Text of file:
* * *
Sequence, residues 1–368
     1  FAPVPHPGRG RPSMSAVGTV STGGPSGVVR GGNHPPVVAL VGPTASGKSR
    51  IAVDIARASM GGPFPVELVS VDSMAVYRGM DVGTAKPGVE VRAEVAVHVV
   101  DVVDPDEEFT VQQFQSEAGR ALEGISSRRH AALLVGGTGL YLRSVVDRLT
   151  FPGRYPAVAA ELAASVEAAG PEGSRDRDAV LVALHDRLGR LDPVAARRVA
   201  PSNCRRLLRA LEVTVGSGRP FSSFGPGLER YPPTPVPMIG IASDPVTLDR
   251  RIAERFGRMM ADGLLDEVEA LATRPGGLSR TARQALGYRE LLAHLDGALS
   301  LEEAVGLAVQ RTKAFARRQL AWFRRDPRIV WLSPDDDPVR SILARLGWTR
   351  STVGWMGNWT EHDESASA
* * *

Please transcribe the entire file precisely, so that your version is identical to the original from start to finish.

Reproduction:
Sequence, residues 1–368
     1  FAPVPHPGRG RPSMSAVGTV STGGPSGVVR GGNHPPVVAL VGPTASGKSR
    51  IAVDIARASM GGPFPVELVS VDSMAVYRGM DVGTAKPGVE VRAEVAVHVV
   101  DVVDPDEEFT VQQFQSEAGR ALEGISSRRH AALLVGGTGL YLRSVVDRLT
   151  FPGRYPAVAA ELAASVEAAG PEGSRDRDAV LVALHDRLGR LDPVAARRVA
   201  PSNCRRLLRA LEVTVGSGRP FSSFGPGLER YPPTPVPMIG IASDPVTLDR
   251  RIAERFGRMM ADGLLDEVEA LATRPGGLSR TARQALGYRE LLAHLDGALS
   301  LEEAVGLAVQ RTKAFARRQL AWFRRDPRIV WLSPDDDPVR SILARLGWTR
   351  STVGWMGNWT EHDESASA